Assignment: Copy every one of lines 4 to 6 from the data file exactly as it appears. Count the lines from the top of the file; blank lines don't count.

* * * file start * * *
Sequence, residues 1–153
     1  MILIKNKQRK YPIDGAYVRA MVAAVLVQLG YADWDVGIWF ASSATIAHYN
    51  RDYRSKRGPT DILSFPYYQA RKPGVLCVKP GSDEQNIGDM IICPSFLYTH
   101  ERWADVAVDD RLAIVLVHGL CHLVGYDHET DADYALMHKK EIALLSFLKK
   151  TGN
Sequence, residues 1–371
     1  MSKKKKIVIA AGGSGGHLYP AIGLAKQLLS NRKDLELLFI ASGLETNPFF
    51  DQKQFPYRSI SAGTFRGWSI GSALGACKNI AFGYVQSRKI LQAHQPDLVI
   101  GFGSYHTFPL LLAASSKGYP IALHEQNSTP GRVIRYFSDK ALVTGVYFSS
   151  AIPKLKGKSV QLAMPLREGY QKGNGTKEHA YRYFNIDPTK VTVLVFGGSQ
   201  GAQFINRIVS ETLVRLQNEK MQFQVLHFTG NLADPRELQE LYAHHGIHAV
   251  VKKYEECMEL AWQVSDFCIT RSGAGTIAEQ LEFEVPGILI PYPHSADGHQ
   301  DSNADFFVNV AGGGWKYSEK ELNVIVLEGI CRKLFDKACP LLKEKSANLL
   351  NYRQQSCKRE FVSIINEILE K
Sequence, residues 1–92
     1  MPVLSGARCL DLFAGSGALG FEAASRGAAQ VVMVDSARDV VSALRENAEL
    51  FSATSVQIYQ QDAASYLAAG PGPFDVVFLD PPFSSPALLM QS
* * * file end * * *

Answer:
   101  ERWADVAVDD RLAIVLVHGL CHLVGYDHET DADYALMHKK EIALLSFLKK
   151  TGN
Sequence, residues 1–371